Never ever do this to Hadoop…..unless you are using Isilon

Let me start by saying that the ideas discussed here are my own, and not necessarily that of my employer (EMC). This is my own personal blog.

A great article by Andrew Oliver has been doing the rounds called “Never ever do this to Hadoop”. Andrew argues that the best architecture for Hadoop is not external shared storage, but rather direct attached storage (DAS). The article can be found here:–ever-do-this-to-hadoop.html

I want to present a counter argument to this. Now having seen what a lot of companies are doing in this space, let me just say that Andrew’s ideas are spot on, but only applicable to traditional SAN and NAS platforms. There is a new next generation storage architecture that is taking the Hadoop world by storm (pardon the pun!). EMC has done something very different which is to embed the Hadoop filsyetem (HDFS) into the Isilon platform. This approach changes every part of the Hadoop design equation.

Here’s where I agree with Andrew. From my experience, we have seen a few companies deploy traditional SAN and NAS systems for small-scale Hadoop clusters. Sub 100TBs this seems to be a workable solution and brings all the benefits of traditional external storage architectures (easy capacity management, monitoring, fault tolerance, etc). However once these systems reach a certain scale, the economics and performance needed for the Hadoop scale architecture don’t match up.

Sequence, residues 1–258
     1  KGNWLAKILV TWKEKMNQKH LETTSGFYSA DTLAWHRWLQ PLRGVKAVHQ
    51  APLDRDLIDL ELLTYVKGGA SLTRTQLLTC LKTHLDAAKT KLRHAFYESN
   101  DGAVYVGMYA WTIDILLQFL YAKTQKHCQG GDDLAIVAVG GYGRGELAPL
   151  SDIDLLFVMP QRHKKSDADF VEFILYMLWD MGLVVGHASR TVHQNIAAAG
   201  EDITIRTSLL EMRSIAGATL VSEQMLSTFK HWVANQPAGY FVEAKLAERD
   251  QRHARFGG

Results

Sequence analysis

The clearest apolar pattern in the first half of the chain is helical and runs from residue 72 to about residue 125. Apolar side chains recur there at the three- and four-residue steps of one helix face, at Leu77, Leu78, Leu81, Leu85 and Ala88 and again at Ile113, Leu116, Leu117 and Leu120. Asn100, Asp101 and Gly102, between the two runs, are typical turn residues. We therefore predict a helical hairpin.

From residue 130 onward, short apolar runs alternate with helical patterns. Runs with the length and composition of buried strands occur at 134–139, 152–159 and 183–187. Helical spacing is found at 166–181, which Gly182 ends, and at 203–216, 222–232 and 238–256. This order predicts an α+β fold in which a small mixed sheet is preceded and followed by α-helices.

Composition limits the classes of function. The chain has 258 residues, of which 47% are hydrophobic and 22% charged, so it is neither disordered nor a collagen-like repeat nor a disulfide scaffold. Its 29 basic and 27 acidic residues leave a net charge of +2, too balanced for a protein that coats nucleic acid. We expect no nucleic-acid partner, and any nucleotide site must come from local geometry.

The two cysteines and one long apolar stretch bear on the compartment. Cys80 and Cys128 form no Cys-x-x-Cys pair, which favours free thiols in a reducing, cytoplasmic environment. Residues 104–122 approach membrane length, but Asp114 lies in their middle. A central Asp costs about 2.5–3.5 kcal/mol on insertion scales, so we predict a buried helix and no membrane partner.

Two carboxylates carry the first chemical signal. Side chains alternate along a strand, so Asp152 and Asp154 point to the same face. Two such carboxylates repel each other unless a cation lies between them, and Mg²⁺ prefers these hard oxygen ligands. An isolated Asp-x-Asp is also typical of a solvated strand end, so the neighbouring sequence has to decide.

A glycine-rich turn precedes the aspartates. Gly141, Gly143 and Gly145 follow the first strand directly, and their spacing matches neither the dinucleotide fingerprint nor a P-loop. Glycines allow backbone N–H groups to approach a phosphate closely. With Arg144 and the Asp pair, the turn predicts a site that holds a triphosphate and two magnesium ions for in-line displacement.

The traditional thinking and solution to Hadoop at scale has been to deploy direct attached storage within each server. While this approach served us well historically with Hadoop, the new approach with Isilon has proven to be better, faster, cheaper and more scalable. It brings capabilities that enterprises need with Hadoop and have been struggling to implement. This Isilon-Hadoop architecture has now been deployed by over 600 large companies, often at the 1-10-20 Petabyte scale. Some of these companies include major social networking and web scale giants, to major enterprise accounts. A great example is Adobe (they have an 8PB virtualized environment running on Isilon) more detail can be found here: